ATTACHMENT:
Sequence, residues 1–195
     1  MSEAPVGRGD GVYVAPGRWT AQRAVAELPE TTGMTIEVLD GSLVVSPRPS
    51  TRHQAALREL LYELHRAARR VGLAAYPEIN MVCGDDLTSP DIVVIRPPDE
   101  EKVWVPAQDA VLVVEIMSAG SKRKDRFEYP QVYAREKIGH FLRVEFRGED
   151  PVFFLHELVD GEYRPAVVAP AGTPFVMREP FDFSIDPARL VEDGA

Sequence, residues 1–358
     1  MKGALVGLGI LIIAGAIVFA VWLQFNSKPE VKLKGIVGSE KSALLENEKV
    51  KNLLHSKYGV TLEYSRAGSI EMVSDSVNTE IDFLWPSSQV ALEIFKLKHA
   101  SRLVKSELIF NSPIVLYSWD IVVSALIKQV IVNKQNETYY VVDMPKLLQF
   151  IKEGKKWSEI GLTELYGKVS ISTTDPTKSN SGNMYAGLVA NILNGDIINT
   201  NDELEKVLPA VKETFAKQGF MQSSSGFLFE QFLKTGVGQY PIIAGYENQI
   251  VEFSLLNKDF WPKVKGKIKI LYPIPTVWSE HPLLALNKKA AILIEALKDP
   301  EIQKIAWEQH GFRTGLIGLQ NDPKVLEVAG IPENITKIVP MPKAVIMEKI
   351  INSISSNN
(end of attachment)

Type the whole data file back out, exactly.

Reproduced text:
Sequence, residues 1–195
     1  MSEAPVGRGD GVYVAPGRWT AQRAVAELPE TTGMTIEVLD GSLVVSPRPS
    51  TRHQAALREL LYELHRAARR VGLAAYPEIN MVCGDDLTSP DIVVIRPPDE
   101  EKVWVPAQDA VLVVEIMSAG SKRKDRFEYP QVYAREKIGH FLRVEFRGED
   151  PVFFLHELVD GEYRPAVVAP AGTPFVMREP FDFSIDPARL VEDGA

Sequence, residues 1–358
     1  MKGALVGLGI LIIAGAIVFA VWLQFNSKPE VKLKGIVGSE KSALLENEKV
    51  KNLLHSKYGV TLEYSRAGSI EMVSDSVNTE IDFLWPSSQV ALEIFKLKHA
   101  SRLVKSELIF NSPIVLYSWD IVVSALIKQV IVNKQNETYY VVDMPKLLQF
   151  IKEGKKWSEI GLTELYGKVS ISTTDPTKSN SGNMYAGLVA NILNGDIINT
   201  NDELEKVLPA VKETFAKQGF MQSSSGFLFE QFLKTGVGQY PIIAGYENQI
   251  VEFSLLNKDF WPKVKGKIKI LYPIPTVWSE HPLLALNKKA AILIEALKDP
   301  EIQKIAWEQH GFRTGLIGLQ NDPKVLEVAG IPENITKIVP MPKAVIMEKI
   351  INSISSNN